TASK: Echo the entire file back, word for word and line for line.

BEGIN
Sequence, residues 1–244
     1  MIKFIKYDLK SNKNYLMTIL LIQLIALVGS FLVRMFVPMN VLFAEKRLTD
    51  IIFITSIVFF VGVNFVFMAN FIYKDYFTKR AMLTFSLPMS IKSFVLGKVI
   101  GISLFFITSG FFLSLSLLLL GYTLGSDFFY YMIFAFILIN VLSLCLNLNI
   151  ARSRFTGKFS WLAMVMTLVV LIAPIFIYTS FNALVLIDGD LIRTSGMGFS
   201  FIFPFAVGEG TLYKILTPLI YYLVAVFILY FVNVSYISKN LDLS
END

Sequence, residues 1–244
     1  MIKFIKYDLK SNKNYLMTIL LIQLIALVGS FLVRMFVPMN VLFAEKRLTD
    51  IIFITSIVFF VGVNFVFMAN FIYKDYFTKR AMLTFSLPMS IKSFVLGKVI
   101  GISLFFITSG FFLSLSLLLL GYTLGSDFFY YMIFAFILIN VLSLCLNLNI
   151  ARSRFTGKFS WLAMVMTLVV LIAPIFIYTS FNALVLIDGD LIRTSGMGFS
   201  FIFPFAVGEG TLYKILTPLI YYLVAVFILY FVNVSYISKN LDLS